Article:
Friday, 11 January 2013

'The Early Nineties Were Easier' - Band No.5 : U2 by @TheJDaddy #TENWE

Today it's a beautiful day (okay, so that's even worse than the pun you will read in the post below, apologies), the wonderful Greg aka @TheJDaddy has written a post for Session Bloggers.

Greg blogs over at the brilliantly named Whiskey For Aftershave and I'm chuffed that he could take some time out from that to blog about his favourite early 90s band here.  He is another music fan who I bonded with over on twitter.  I highly recommend you follow him on there and visit his blog too.

Take it away, Greg...

Top bloke Simon (aka Session Blogger) has asked me to write a guest post for his blog. And how could I refuse? I’ve never done a guest post before, & the subject is one dearest to my heart after my family (of course): music.

And he asked so nicely. (The promise of a lifetime’s supply of Twiglets helped too).

He's started a series called 'The Early Nineties Were Easier" (#TENWE) & has invited me - and anyone else who wants to - to write about a favourite band from that era.

Well, I had to think about it. So I did that, & decided on the band I’d rave about.

Then I changed my mind.

The band I first thought of fitted with the rest in the series so far. They were huge in indie clubs and, although they have achieved great mainstream success & even had a big hit across the pond, they are first & foremost an indie band. I love them, & today they are still 1 of my favourite bands, 1 of only 2 I’ve been to see 3 times.

So why did I change my mind? I realised that I wasn’t actually into them at the time! As with most things in my life, I came in late. It wasn’t until the end of the decade that I came to love them. So, if I’m going to be honest – and I always try to be – I should write about the band I really was most into at the time. So I will.

In the early '90s my life was in a huge state of transition. I’ll spare you the details but I’d spent the '80s mixed up in fundamentalist religion, & my attitude to secular music would have done the Taliban proud. I considered it inherently corrupt & corrupting; to be avoided at all costs.

1990 was the year I escaped. I emerged, blinking & na├»ve, into what – for me - was a brave new world. I spent the next few years tentatively feeling my way into the real world, slowly breaking free from the chains in which I’d been bound. A major part of that was catching up on a lost decade of music! As cheesy as it seems to me now, Alan ‘Fluff’ Freeman’s Radio 1 show 'Pick of the Pops' became one of the most important things in my life! I still have many of them on cassette tape.

I heard a song on the radio which I loved, although I didn’t know what it was or who it was by. So I went into Tower Records in Piccadilly Circus, went up to the nearest till & said to the guy there:

“I’ve heard this song that I really like & I don’t know what it is. It’s live, it features a great Gospel choir, & it’s something about ‘what I’m looking for’. Do you know what it is?“.

To the lad’s eternal credit his wry smile didn’t appear to contain even a hint of sarcasm, as he straight away went off to fetch the record in question.

He came back with an album from 1987 called 'Rattle & Hum'. By some outfit called ‘U2’. You may have heard of them. *ducks to avoid any thrown bottles & various types of fruit*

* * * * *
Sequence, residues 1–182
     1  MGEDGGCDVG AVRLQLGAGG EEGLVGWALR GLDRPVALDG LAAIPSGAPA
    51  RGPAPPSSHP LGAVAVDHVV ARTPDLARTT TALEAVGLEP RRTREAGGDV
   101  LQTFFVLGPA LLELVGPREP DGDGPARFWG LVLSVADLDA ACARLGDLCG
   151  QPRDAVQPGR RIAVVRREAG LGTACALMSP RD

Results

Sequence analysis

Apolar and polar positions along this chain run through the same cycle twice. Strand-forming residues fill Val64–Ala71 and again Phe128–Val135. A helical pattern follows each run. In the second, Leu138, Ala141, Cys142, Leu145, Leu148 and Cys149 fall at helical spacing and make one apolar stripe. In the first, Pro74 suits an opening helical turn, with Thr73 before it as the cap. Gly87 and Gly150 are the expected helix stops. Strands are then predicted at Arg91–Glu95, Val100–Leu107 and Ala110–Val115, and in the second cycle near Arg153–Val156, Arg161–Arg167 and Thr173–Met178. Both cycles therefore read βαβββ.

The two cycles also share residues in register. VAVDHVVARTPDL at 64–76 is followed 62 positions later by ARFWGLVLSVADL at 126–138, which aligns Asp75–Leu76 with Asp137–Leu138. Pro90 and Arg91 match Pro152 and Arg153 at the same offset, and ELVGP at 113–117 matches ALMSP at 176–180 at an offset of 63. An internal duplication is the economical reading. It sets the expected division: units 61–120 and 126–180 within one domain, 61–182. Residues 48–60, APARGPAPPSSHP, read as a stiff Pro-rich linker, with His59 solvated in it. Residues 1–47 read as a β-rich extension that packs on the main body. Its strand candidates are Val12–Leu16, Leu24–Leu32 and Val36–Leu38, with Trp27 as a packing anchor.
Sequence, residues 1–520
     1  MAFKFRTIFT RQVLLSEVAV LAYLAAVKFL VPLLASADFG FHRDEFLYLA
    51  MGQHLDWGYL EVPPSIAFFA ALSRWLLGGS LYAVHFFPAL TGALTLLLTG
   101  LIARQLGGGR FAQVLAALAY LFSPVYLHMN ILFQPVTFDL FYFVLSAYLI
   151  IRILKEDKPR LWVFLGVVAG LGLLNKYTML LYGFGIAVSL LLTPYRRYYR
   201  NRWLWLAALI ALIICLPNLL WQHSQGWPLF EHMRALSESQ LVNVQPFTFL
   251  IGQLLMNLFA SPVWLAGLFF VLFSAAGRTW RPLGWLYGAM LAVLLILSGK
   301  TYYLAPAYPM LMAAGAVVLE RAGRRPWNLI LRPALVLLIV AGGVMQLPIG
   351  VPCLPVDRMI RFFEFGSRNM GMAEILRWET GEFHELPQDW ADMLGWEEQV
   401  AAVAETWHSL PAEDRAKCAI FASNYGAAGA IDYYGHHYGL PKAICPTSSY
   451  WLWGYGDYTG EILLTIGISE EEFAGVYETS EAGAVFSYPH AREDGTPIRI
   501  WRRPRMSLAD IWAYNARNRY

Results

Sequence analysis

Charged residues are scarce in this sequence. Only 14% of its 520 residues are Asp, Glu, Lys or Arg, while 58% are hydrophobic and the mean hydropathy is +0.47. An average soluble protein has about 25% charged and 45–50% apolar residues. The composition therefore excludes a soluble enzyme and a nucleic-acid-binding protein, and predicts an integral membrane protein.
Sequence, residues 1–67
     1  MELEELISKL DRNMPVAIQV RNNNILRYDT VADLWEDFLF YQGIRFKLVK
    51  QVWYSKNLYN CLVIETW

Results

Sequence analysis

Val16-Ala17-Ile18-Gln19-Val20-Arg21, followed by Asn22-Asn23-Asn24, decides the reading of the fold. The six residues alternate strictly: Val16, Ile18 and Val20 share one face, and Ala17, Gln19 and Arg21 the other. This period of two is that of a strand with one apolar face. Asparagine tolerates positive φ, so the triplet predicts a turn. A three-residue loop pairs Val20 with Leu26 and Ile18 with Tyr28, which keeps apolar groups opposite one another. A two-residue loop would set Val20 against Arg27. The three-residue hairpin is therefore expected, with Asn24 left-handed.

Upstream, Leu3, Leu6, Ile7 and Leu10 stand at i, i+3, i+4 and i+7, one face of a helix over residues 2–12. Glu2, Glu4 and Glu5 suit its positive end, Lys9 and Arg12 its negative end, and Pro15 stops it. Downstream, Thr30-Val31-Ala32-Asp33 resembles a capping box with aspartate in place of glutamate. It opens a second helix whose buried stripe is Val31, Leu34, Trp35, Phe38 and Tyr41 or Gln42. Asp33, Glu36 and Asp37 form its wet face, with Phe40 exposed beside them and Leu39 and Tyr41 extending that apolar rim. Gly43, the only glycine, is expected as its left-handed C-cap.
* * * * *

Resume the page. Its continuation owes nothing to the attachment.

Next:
I hadn’t. I kid you not.

So I bought the album: my first album purchase as an adult. And I loved the album, & the song, & still do. The song pretty much summed up my life at the time, & to this day I find it trremendously moving every time I hear it. Always will I think.

I found what I was looking for! (Sorry – couldn’t resist…)

I then discovered 'Rattle & Hum' s predecessor 'The Joshua Tree' & immediately had a new all-time favourite band & album.

“OK”, you say, “you bought the albums in the early '90s, but it’s still the music of the '80s!”. Fair enough. But then in 1991 U2 brought out ‘Achtung Baby', a ‘comeback’ album, & one that is regarded by many – myself included - as their other great album along with ‘The Joshua Tree’.

Bought it, played it, loved it, still do. Later did the gig & bought the T-shirt. Which I still wear! ‘Zoo Station’, ‘Even Better Than the Real Thing’, ‘Until the End of the World’,’Who’s Gonna Ride Your Wild Horses?’, ‘The Fly’: great rock with added electronica; ‘So Cruel’, a classic intense slow-burner; & this 'one' - my favourite - melts my heart every time I hear it: electrifying, achingly beautiful.

U2, for my sins, was the soundtrack to my life in the early '90s. I still have in mind maybe to one day write a post called 'How U2 Kept Me Sane'.

And my first, discarded, choice? Probably much cooler, sorry: maybe another time! So I'll end with my favourite song of theirs from the time:

Thanks for the brilliant post, Greg. It's a fantastic story, still can't get over the fact you didn't listen to any music in the 80s - don't know what I would've done without my regular fix of Wham!

I think that was my favourite period for U2 as well, even though I love 'The Joshua Tree', 'Achtung Baby' really reminds me of that era, when we were learning to drive and that was one of the tapes we always had in the car.  I really think you should write the 'How U2 kept me sane' post, would love to read that too.

As a special treat for writing a great post (and cause I'm all out of Twiglets), I have added both U2's 'One' and 'Out to get you' by James to the Spotify playlist here - The Early Nineties Were Easier #TENWE

Until next time, thanks for reading everyone.


Simon S.


  1. Thanks mate! Yes, I too still feel the lack of Wham! in my life; there are some things you just can't change.

    Thanks for letting me post here :)

  2. Ha ha! You're always welcome to post here mate, come back and post soon (nudge nudge, wink wink).